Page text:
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Slovak Canadian Cuisine

I read someplace that Slovakia is not real well known for the perogy. This statement startled me greatly - after all, it was, if not a staple in our house growing up, certainly closely tied into our identity as a family. In all of my fondest recollections of my Baba (Grandmother), I can never recall going to her house and Not having a perogy feast. That's just what we did when visiting her. Years later when she came to visit me in Eastern Ontario I honestly could not separate this experience - in fact, shortly after disembarking from the air I requested a meal of perogies. (I know, she was my guest - in theory as host I was supposed to be feeding her, but when a master cook comes into your home....). We went to the store so that she could point out the correct ingredients and then I drove her home so I could be taught the art of perogy making.

I'm going to call these Slovakian Canadian perogies. Cooked on Canadian soil with mostly Canadian ingredients, but a recipe hailing from what my grandmother would call the old country. She schooled me in the art of making these delicious dumpling delicacies filled with prunes, cottage cheese and potatoes mixed with cheese. A very different version from some of the Eastern European varieties one might find on the supermarket shelf. Upon asking her what the difference was I believe she said it was the addition of milk to the dough.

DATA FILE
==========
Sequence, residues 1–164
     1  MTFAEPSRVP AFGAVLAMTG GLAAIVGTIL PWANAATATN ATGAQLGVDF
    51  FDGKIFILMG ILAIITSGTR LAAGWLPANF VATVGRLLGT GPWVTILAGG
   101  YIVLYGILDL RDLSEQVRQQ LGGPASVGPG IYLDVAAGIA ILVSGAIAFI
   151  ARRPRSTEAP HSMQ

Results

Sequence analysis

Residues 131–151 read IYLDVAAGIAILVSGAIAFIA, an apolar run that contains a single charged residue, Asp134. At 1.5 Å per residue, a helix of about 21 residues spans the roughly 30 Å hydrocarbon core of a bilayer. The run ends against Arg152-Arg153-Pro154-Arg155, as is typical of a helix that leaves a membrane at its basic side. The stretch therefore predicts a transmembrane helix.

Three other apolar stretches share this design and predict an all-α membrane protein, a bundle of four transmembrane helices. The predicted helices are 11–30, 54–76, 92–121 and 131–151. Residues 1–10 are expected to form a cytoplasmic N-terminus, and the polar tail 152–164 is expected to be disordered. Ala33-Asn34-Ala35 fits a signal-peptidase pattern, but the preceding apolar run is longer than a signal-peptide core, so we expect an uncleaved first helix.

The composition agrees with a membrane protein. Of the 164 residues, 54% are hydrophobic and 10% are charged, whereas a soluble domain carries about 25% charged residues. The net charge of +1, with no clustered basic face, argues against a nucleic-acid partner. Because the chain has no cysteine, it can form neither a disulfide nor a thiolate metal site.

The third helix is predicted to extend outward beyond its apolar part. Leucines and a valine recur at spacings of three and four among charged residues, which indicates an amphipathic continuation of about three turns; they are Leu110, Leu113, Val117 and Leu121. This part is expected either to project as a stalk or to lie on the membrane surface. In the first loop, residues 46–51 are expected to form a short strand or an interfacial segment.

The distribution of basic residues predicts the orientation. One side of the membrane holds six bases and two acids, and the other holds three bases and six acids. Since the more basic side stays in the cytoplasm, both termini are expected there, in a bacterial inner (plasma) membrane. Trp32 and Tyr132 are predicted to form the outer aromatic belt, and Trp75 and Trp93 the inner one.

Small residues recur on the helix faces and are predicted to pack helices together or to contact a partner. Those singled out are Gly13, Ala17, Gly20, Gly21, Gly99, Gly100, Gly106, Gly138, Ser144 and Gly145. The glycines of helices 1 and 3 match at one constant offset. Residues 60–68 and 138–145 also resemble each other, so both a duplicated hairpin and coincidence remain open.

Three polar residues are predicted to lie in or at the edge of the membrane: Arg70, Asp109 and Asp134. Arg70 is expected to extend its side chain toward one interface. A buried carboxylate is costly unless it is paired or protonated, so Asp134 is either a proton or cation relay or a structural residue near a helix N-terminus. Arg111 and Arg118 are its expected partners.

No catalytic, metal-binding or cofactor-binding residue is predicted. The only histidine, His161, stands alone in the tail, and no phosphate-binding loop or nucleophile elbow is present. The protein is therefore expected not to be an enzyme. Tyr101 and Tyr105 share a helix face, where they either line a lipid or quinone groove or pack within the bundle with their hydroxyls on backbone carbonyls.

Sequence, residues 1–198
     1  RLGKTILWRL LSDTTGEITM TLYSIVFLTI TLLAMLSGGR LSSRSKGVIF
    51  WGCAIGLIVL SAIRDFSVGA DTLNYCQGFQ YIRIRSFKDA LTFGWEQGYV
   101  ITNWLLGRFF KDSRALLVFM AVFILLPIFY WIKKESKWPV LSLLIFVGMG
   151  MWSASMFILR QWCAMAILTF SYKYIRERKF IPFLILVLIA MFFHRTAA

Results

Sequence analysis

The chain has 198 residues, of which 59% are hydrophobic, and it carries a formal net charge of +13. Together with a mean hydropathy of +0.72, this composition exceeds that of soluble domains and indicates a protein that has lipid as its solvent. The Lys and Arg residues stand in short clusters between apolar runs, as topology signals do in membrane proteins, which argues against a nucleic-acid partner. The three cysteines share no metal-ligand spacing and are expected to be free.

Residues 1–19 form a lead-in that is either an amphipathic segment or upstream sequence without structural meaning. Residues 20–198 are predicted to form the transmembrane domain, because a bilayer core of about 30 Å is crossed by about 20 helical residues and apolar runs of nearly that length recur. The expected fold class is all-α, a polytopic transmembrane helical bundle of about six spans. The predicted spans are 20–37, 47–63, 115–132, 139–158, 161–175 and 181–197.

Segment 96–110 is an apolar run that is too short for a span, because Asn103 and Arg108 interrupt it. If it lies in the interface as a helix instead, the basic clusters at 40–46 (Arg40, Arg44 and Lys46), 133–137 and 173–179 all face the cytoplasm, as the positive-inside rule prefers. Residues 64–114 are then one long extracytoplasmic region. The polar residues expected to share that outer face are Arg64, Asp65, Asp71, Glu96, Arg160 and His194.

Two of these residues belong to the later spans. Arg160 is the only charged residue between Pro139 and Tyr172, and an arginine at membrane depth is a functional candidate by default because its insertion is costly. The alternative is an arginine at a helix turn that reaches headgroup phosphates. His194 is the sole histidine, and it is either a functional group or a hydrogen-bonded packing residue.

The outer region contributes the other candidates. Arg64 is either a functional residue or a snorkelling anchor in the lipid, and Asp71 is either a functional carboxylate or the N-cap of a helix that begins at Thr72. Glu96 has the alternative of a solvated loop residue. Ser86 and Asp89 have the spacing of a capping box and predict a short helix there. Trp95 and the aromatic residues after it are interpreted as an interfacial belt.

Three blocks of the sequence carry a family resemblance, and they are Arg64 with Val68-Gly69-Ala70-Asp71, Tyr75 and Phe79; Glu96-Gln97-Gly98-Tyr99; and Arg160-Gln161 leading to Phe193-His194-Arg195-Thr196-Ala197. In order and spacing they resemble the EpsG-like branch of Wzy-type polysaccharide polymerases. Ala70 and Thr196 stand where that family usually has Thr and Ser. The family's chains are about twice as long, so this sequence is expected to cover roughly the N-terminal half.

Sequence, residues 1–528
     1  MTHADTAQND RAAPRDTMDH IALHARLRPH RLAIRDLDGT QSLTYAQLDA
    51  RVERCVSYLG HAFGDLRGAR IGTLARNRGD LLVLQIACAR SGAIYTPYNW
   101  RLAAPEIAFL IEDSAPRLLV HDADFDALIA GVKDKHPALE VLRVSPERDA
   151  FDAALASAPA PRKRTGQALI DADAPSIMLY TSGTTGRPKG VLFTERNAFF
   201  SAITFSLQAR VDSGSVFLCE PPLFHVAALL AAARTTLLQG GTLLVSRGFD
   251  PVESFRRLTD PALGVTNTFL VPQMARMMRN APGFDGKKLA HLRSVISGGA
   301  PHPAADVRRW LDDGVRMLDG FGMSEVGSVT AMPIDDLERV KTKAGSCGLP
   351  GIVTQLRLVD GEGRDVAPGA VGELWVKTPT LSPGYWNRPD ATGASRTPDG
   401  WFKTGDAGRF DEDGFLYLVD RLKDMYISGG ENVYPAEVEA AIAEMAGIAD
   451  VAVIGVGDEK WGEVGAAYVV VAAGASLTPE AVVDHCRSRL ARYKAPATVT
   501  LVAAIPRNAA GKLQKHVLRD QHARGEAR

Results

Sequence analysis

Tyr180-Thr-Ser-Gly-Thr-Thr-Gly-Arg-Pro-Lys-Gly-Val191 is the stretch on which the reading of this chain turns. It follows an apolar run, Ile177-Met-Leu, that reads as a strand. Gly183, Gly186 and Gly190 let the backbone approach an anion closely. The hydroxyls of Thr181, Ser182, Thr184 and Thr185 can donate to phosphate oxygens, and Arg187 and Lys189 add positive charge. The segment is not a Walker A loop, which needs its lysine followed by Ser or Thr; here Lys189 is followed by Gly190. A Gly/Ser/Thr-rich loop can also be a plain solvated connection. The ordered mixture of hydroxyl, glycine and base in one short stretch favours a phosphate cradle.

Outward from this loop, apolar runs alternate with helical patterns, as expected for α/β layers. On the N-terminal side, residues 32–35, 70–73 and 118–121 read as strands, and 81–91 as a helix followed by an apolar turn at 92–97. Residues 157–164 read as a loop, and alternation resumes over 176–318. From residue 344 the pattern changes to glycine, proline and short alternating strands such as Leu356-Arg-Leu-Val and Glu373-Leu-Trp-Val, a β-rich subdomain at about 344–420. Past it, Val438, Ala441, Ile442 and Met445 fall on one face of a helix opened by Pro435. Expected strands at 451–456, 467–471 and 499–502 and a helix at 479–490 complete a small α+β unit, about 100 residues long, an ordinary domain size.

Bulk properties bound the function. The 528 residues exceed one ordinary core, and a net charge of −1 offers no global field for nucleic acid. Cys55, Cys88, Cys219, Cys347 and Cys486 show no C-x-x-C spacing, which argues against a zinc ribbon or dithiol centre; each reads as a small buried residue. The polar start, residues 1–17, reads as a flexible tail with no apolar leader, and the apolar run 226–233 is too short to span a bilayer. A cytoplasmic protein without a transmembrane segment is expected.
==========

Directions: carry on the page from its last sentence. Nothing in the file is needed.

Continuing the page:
Here is her version - sort of. I measured as she prepared the feast, because honestly I wondered if this dear lady had ever bothered to use a proper measuring cup or spoon before (indeed, she laughed till tears filled her eyes at my persistent questions on measurement - saying she just "knew" how much of this and that belonged!)

So here we go "Slovakian Canadian" circa 1925 Perogies:

5 Cups white flour and a dash of salt. Mix in about 1.5 cups of lukewarm milk/water. Add 2 eggs. Add about 1 to 2 Tbsp mazzola corn oil (and yes, she was rigid concerning the brand) and mix with your hands. Add a bit more water to the mixture and it should be sticky. When going to roll out the dough, one can use a bit of flour to make it less sticky and workable. The point is, sticky is good (her words, not mine). :-)

Now create the fillings.  Pitted prunes, boiled with a sprinkling of sugar on top. Another mixture is mashed potatoes with some cheese in them and one can even add a bit of fried onion to it.

Roll out the dough, adding flour whenever it gets too sticky. Roll it out to about 5 mm in thickness. Make 2 inch squares and fold a bit of filling into each square. Gently pinch together into the shape of triangles.

Boil water in a pot and drop the perogies carefully into the water boiling for 8-10 minutes. Strain, and rinse under lukewarm water. Drain. Serve with a bit of fried bacon pieces and butter and sour cream. Delicious!

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